• Encircle Them - Find their communities. See if you can find out where they hang out. Some will list these organizations in their LinkedIn profile. The communities may be live, may be online. But when you find them, get your executives involved, add value to the organization. Most have social media presence, get piped in there as well.
  • Reach Them - Don't wait for them to learn about twitter or find you with a google search, find them. You've invested in a good list, get your inside team, your reps, or an outsourced vendor to work it. Don't just call and sell though. Do what you can to get face to face with them. Engage in a conversation. I've managed hundreds of sales reps in my day, and from my experience they do their best work sitting across from a prospect.
  • Use Experts - Don't assume that you, your marketing team, your inside sales team, and your sales reps can implement everything. Give me a marketing or sales technique or discipline and I can give you a third party expert that offers the service. Ask your colleagues for recommendations. Use LinkedIn and twitter to get recommendations. But don't be afraid to hire specialists.
  • Don't Settle - Working the influencers at the lower levels is still worth doing, but don't settle for an influencer. If you are going to invest in a lead, a truly valuable lead worth dedicating real budget to acquiring, then go for the C or VP level prospect. You will work your way down and around all the directors and managers anyway, if you can start at the highest levels, then the staff come willingly.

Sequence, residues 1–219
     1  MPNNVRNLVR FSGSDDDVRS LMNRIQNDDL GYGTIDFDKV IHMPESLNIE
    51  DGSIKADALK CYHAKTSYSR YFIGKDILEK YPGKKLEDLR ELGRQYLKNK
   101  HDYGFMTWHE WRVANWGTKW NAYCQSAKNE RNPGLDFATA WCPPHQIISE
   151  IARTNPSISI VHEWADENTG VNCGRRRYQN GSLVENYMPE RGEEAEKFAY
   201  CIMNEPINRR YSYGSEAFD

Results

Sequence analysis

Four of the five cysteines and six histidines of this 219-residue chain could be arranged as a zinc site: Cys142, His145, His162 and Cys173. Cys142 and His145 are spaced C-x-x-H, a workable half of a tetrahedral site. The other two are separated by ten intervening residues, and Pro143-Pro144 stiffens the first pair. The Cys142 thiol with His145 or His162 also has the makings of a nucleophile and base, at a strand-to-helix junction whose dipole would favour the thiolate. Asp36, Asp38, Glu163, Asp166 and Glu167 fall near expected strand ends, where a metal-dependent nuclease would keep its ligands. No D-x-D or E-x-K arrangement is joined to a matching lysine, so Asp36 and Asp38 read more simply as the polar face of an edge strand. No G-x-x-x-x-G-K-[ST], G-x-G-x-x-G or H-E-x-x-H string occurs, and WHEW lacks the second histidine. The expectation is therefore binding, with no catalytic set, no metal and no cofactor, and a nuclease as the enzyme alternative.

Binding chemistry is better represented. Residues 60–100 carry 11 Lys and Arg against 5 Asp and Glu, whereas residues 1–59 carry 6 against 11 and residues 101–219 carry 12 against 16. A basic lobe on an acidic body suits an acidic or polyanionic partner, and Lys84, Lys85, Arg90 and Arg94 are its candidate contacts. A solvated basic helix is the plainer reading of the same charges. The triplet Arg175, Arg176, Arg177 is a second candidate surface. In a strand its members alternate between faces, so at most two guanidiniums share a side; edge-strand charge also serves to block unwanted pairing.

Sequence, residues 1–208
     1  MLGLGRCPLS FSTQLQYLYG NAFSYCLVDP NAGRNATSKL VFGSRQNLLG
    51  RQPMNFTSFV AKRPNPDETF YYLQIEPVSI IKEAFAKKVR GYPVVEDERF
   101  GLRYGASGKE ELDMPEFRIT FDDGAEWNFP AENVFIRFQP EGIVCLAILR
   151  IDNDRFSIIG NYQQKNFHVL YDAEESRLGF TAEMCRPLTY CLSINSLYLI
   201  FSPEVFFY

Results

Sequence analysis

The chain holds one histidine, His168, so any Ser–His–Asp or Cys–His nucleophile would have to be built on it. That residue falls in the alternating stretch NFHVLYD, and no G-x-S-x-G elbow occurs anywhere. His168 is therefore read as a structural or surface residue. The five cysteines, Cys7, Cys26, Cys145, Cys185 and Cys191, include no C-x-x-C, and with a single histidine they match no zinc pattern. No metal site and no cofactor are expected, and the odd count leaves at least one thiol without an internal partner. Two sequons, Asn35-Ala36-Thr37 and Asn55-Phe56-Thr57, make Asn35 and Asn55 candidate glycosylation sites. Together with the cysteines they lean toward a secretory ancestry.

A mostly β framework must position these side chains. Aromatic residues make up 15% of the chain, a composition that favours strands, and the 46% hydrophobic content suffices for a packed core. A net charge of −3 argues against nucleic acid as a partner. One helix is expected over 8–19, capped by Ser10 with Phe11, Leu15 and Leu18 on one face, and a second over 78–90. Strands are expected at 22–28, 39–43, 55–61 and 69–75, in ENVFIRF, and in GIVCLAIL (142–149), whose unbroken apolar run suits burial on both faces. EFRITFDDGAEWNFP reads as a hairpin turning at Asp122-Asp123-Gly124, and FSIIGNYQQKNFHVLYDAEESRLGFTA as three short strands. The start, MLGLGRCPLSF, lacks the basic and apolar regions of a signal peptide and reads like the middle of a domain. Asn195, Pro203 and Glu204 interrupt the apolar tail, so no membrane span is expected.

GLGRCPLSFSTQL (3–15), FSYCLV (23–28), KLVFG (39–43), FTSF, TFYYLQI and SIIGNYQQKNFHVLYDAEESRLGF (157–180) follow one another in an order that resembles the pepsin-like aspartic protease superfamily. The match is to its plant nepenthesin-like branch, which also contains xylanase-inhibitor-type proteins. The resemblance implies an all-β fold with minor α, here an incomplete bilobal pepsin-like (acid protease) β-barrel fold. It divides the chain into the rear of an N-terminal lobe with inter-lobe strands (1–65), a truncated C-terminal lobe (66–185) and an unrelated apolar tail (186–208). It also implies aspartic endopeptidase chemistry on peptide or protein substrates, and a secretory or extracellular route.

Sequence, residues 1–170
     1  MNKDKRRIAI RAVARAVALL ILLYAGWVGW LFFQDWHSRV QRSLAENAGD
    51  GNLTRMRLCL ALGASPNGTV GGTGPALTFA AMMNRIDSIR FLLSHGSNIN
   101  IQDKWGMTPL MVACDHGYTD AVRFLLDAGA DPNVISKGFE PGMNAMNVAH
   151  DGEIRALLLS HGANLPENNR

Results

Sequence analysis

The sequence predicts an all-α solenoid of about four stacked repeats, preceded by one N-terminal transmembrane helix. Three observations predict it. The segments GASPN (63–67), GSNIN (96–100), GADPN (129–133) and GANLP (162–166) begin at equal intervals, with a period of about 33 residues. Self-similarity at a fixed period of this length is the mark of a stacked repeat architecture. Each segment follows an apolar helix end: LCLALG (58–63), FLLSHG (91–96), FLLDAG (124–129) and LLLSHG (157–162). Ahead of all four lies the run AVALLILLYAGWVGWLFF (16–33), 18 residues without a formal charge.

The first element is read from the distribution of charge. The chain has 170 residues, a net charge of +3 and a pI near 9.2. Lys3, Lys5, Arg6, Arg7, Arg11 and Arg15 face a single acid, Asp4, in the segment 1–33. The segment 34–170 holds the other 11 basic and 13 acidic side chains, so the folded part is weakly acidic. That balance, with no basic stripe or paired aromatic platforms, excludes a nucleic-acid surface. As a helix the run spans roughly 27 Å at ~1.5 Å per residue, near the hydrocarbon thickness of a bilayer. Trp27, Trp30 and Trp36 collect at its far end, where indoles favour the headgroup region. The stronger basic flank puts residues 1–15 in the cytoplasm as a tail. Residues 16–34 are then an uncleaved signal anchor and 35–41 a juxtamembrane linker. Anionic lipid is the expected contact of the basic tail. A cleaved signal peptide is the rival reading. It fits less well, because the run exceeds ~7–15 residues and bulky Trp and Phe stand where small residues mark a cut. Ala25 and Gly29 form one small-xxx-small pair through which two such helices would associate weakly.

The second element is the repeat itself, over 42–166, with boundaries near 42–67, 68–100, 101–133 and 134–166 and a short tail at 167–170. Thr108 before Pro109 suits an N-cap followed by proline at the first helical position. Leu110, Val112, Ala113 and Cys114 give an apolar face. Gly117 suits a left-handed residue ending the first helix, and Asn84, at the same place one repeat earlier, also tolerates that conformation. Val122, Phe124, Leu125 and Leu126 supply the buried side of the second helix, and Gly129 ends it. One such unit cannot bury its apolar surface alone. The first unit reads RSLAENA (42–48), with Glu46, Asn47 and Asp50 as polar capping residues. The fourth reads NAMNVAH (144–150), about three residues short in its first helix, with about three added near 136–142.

• Get Results - Whether it is an internal service provider such as inside sales, or an external provider such as a consultant or other marketing services firm, try to pay for results or at least incent them for results. The day of the monthly retainer fee is gone. This is marketing budget 2.0. (ok, last over-use of 2.0 in this article).

Did I totally trash Social Media, Search Engine Marketing and other new methods of lead gen? No, I've added them to the mix. Just be cautious not to over-estimate your C and VP level targets. They don't have the time it takes to work the web the way some of us do, so augment your traditional, proven methods with the newer ones, use technology to your advantage, and use service providers that have honed their expertise.

Tags: marketing, socialmedia, twitter, demand, SEM, SEO, linkedin